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There are many modern web development/design techniques that can be used for a variety of reasons, whether to maintain a certain colour scheme throughout the site, or to make the site responsive to all devices. The possibilities are vast and companies will go a long way to ensure their site will not only  appeal to a large number of people, but that it can also be used by as many people as possible.

User Experience in web design is the process of improving user satisfaction by making the user feel comfortable and confident when using a website. It covers the interface design, the usability of the site, the product design and the level of interaction that can be had with the site. There are many techniques used to achieve a good user experience; Peter Morville covers these in his User Experience Honeycomb.

 

 

 

He expresses that, for the user to have a fulfilling and valuable user experience, information on a website must be:

  • Useful: The content should have an element of originality and should fulfil the needs of the user. If the site is not useful then there is no need for it.
  • Usable: The site must be straightforward to use. It should possess a familiarity trait that allows it to be easy to use for different audiences. There shouldn’t be much of a learning curve if possible.
  • Desirable: For a great user experience, the design should impress the user and be easy on the eye. Minimal designs that are straight to the point are beneficial in this instance.
  • Findable: Content should be easily navigable and involve as few clicks as possible. And, if the user does encounter a problem they should be able to find a solution quickly.
  • Accessible: Content should be accessible for as many different types of people as possible, e.g. people with disabilities. They should be able to have the same experience as those without disabilities.
  • Credible: The information on the site must be trust worthy and accurate.

 

User Experience is paramount to an effective and successful website. Users can be quickly lost and gained, so all aspects of website design must be taken into consideration.  For instance, Dr. Nielsen conducted a study on the reading behaviours of users on his website. Nielson found that only 28% of the text on a webpage gets read. This suggests that information should be easy to digest. Common techniques that are used include dividing the information into smaller paragraphs and adopting the use of headings lists and pictures to ensure users will be more readily engaged and for longer. (See Test results below)

 

 

Google conducted a study that indicated that it takes users less than 50 milliseconds to form an opinion of a website, and a website’s colour scheme is a significant part of that. Decisions around colour are, therefore, an important factor that can influence whether a user is going to stay engaged on a website or instantly click away. If a user dislikes the colour scheme, regardless of how useful the site’s content is, they can be inclined to leave the site never to return. Common techniques are to use colours that complement each other. The colour wheel (see below) is a useful resource for web designers when picking a colour scheme for their sites. Companies with extensive websites prefer to have a consistent colour scheme in order to maintain their brand identity; show someone a screenshot of any Facebook page and people will know exactly what website it is. The same applies for Amazon or Wikipedia.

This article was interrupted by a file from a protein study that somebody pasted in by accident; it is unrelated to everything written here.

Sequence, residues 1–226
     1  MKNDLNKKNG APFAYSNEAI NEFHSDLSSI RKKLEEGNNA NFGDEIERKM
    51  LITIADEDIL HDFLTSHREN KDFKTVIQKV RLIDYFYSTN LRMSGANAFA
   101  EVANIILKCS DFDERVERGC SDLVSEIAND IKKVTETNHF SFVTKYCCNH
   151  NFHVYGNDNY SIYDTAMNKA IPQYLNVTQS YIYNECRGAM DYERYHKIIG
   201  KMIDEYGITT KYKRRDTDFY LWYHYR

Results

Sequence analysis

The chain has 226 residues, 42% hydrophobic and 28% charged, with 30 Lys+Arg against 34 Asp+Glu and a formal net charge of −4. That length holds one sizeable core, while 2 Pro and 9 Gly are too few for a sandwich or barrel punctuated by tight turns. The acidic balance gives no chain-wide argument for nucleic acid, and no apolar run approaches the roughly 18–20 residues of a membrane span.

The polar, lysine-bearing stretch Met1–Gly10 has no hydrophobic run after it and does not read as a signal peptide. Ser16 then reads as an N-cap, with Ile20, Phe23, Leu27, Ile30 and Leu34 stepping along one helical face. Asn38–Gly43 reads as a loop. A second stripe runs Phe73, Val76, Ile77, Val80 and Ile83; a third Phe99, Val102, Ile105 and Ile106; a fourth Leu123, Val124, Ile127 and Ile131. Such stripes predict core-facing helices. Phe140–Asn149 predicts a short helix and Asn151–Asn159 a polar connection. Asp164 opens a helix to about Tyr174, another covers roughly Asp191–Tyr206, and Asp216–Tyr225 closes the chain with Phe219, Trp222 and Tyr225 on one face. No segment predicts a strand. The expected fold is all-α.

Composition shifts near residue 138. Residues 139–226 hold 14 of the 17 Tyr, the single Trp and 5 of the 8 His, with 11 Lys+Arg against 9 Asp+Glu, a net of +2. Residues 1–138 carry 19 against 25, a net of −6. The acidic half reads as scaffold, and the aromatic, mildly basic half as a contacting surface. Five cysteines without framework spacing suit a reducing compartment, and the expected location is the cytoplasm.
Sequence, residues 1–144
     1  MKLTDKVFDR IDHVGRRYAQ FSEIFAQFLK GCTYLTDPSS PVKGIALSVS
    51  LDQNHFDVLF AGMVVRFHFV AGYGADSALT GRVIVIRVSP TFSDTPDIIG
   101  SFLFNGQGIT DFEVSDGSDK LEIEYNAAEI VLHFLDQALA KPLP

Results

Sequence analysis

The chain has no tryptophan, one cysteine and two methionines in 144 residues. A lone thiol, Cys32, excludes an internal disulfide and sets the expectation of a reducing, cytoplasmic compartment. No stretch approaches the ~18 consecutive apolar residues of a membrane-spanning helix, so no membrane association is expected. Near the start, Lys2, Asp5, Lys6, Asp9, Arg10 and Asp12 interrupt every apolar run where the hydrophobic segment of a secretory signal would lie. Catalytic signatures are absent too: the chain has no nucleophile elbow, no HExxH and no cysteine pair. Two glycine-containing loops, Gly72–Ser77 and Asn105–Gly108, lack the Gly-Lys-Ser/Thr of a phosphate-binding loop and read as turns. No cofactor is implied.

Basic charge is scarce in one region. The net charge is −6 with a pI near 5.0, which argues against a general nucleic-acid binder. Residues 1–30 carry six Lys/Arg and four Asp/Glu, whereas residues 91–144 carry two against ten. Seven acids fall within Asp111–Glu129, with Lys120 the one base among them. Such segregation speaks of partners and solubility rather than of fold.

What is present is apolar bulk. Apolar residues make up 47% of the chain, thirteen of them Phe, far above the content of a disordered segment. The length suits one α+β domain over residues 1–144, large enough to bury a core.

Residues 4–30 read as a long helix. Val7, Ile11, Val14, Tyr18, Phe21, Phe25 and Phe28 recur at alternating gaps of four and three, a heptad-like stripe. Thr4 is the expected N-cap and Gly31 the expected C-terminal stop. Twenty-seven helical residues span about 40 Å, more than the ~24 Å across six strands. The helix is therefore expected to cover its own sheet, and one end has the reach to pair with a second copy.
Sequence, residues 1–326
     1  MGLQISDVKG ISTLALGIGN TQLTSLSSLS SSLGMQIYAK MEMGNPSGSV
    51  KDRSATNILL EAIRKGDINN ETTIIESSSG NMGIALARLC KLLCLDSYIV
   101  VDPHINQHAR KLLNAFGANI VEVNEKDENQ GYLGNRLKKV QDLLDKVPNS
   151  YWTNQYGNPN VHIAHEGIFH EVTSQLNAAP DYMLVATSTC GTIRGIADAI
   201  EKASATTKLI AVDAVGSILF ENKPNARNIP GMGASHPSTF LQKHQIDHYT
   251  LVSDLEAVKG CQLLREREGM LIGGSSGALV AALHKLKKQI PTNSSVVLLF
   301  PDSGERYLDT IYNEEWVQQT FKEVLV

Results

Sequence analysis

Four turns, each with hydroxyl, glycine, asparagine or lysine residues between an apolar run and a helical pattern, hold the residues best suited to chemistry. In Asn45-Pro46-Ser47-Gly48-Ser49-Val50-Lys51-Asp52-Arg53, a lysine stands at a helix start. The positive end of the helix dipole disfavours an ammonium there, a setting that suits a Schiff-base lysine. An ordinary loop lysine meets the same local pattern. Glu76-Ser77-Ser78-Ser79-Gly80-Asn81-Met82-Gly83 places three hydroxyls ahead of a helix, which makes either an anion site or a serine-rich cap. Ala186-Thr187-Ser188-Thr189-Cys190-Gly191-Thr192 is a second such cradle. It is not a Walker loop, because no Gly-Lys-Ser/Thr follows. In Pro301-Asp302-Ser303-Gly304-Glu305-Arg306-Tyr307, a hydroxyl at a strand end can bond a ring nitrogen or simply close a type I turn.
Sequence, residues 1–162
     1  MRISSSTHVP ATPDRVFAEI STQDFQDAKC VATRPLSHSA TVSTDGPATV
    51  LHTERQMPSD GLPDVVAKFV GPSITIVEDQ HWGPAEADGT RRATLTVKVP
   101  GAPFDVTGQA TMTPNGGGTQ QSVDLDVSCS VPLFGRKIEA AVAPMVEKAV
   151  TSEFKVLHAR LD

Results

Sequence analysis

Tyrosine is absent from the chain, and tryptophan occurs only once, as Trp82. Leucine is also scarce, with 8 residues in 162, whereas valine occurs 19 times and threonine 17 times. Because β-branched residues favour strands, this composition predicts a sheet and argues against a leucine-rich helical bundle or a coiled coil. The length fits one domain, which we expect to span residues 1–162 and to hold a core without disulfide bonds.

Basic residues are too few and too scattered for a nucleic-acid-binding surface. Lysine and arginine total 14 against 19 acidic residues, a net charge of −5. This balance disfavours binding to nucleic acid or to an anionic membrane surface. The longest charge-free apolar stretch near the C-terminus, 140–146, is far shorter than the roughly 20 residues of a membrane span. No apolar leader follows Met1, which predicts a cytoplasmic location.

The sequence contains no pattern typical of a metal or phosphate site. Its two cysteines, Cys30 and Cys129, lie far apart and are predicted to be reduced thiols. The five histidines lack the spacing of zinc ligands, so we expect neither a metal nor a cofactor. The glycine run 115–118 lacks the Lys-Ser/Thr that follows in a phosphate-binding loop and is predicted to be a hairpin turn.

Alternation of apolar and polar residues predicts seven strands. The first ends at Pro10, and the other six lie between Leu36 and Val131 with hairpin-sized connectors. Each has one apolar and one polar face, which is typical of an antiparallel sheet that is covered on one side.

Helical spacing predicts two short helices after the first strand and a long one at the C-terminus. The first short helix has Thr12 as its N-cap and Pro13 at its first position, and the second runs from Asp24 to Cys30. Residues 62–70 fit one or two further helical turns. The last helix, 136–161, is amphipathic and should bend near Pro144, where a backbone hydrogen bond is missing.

Ben Lacey writes that websites should maintain a high level of consistency in their design.  A consistent design means that users will not get confused when navigating the site, and that the common user interface elements (Site Navigation, Logo, etc) are found in the same place. Lacey says that this results in users spending more time engaging with the site rather than working out how to use it. Lacey goes on to point out that when the same website is being used on a mobile device for example, the navigation of the site is probably going to change, as well as other elements. But a consistent design should allow for users to still be aware that they are on the same site when switching between devices. Research shows that consistent designs are also used to create a brand identity, a good website is memorable to the users. By creating a theme and sticking to it, you help reassure users and make them more likely to remember you and visit again, increasing your sites traffic. A final reason for why developers use consistent designs is that they can refer to the same single stylesheet rather than having to create a stylesheet for every page, that would take more time and would be more expensive. 


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